It is a common workflow of an FEA engineer to simultaneously examine and analyze multiple simulation results, which arise from different simulation settings. This allows her to be able to compare results, spot anomalies, and identify the most optimal settings for the simulation.
The multiple viewport capability in Apex enables aerospace and automotive engineers to create multiple viewports with different result plots across multiple simulation scenarios, allowing them to compare and analyze data efficiently and easily.
Apex’s single viewport was not sufficient for engineers to compare different load cases and simulation result plots. In order to work around this, the user had to frequently toggle the visible load case and simulation result plot in a single viewport, which was inefficient and made comparing detailed data almost impossible.
Roles and Responsibilities
As the sole UI/UX designer of this project, I worked closely with the customer (Honda) to understand the driving use cases, created high fidelity mockups and clickable prototypes, met with Honda weekly to get feedback on the design and to update the design iteratively, and worked closely with the development team to complete this high priority project successfully and on time.
Gather use cases from the customer and understand the workflow
Ideation with the team
Compare different design ideas and identify pros and cons of each idea
Create mockups and clickable prototype
Share design with customers and get feedback through discussions
Based on customer feedback, update the design and get feedback (repeat as necessary)
Document design details, define performance expectations, and provide assets
Conceptualize with development teams
Review the design specification with development teams and identify/address constraints
Provide clarifications to development teams until implementation is complete
Driving Use Cases
Based on the initial meetings with Honda, I identified the following driving use cases for this project:
- Compare load quantity time histories from multiple interface points arising from multiple events in a single XY Chart.
- Compare load quantity time histories from multiple interface points arising from a single or multiple events in multiple XY Charts alongside a 3D State Plot displaying a transient animation of the full system. At a given time, compare up to 9 different plots or charts.
- Visualize time based synchronization between State Plots and XY Charts.
- Change the active event in a view and observe all coupled viewports update.
Many FEA softwares already provided the ability to create multiple viewports. I looked at some MSC products as well as our competitors.
The Model Browser (see image below) displays detailed information about the model in the 3D graphics viewport. When extending Apex to support multiple viewports, each viewport must have its own Model Browser since what is displayed in each viewport can be different. So I came up with the idea of an ‘active viewport’. When a viewport is active, the Model Browser on the lefthand side would display the information about the model, result plot, etc. that is in the active viewport. This prevents the UI from becoming more complex, and it helps the user focus on one viewport at a time.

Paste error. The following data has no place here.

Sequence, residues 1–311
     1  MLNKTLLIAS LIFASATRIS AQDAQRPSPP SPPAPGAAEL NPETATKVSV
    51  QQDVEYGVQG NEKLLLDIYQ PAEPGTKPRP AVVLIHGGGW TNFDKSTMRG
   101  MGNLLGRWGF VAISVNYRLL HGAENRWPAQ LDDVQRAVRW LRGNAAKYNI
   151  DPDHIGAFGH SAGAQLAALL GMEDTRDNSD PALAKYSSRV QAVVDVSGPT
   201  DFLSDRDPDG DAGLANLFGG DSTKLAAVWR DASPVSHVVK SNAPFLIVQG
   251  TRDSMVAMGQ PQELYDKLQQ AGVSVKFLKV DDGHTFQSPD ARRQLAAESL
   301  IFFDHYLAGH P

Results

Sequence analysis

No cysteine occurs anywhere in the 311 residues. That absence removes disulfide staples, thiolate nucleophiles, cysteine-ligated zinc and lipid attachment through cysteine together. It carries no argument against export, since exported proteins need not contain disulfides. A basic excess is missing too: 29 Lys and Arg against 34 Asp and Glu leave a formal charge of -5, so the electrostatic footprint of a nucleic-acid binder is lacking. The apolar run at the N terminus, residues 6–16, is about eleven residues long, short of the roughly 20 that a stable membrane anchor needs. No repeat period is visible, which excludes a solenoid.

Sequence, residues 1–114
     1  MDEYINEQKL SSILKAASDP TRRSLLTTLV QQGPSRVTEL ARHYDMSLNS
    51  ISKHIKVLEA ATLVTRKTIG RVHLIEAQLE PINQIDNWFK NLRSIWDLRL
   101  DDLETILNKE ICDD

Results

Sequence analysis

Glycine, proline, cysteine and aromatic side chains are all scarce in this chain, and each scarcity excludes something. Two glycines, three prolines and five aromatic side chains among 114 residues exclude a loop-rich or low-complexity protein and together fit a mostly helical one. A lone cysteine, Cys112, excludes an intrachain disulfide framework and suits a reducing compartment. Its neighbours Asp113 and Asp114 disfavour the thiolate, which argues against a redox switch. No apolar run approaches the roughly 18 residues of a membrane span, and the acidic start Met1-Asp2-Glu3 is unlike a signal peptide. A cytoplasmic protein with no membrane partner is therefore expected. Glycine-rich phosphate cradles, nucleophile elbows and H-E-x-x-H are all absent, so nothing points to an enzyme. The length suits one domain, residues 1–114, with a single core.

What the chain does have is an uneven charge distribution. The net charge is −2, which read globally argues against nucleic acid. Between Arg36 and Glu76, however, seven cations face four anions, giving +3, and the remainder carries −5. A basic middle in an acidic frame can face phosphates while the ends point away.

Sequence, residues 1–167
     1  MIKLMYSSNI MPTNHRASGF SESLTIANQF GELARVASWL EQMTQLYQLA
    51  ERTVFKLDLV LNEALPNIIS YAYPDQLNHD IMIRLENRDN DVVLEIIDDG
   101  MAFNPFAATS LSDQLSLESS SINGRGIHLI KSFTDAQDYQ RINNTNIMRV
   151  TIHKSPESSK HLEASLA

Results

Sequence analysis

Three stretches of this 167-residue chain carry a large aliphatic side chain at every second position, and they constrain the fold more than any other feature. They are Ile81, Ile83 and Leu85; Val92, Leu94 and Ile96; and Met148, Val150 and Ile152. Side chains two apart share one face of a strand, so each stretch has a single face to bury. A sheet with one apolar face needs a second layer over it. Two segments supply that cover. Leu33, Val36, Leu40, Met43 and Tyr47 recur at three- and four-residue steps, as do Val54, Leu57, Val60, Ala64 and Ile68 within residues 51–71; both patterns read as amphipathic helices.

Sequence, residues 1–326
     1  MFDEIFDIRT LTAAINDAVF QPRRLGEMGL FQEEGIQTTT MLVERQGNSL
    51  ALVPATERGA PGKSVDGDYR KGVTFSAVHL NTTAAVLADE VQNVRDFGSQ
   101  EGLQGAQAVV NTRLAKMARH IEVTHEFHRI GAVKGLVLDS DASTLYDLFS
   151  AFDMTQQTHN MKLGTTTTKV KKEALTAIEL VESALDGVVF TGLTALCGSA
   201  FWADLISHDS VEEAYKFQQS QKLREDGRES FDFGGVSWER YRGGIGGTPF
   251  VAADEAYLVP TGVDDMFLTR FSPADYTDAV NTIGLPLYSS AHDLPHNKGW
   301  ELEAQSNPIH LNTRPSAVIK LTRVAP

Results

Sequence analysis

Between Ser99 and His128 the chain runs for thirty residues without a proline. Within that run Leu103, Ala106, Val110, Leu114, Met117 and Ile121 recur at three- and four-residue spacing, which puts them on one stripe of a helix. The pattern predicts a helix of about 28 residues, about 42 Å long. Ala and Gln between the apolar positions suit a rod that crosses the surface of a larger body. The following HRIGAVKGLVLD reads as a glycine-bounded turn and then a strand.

This idea of an ‘active viewport’ played nicely with the rest of the UI. For example, instead of displaying the ODM (Object Display Manipulator) in each 3D graphics viewport, I would be able to display a single ODM, which corresponds to the active viewport.
There were two ideas about how the user would create a new viewport. In post-processing, there is an implementation limitation, where a viewport cannot be empty (i.e. must display a result plot).
User creates a new viewport by clicking an "Add new viewport" button. For example, if there are 2 viewports, and the user wants to create a third one, then the user would click the button, which would change the layout from 2-up to 3-up.
Although the idea of creating a viewport by clicking a button sounded like a good idea, it was not clear what the new viewport would display. Would it display the same result data as the last viewport? Or would it display the same result data as the active viewport?
When I discussed this with different customers and field experts, the opinion was split - some said it should display what was in the last viewport, whereas others said it should display what was in the active viewport.
User identifies upfront what result data to display in the new viewport.
In the Model Browser, the user defines the result data by selecting the corresponding row, right-clicking, and selecting the "Display in new Viewport" option. Since this information is defined upfront, when the new viewport gets created, it knows what to display.
Although this is not as discoverable as Option 1, it works around the implementation limitation of not being able to display empty viewports, and our users are also very familiar with using right-click context menus for various common operations.
Option 2 aligned better with Honda’s workflow, and it was suitable for the minimum viable solution, so I went with this option. I discussed plans to make the viewport creation workflow more discoverable, and it has been scheduled for a future release.
I try to create high-fidelity mockups and clickable prototypes pretty early in my design phase because:
- It helps to clearly communicate the design ideas with customers and other stakeholders. I noticed that the audience struggles to understand the design ideas or loses focus when designers use low-fidelity mockups or sketches.
- Apex has a list of design paradigms and patterns that all of the designers try to adhere to.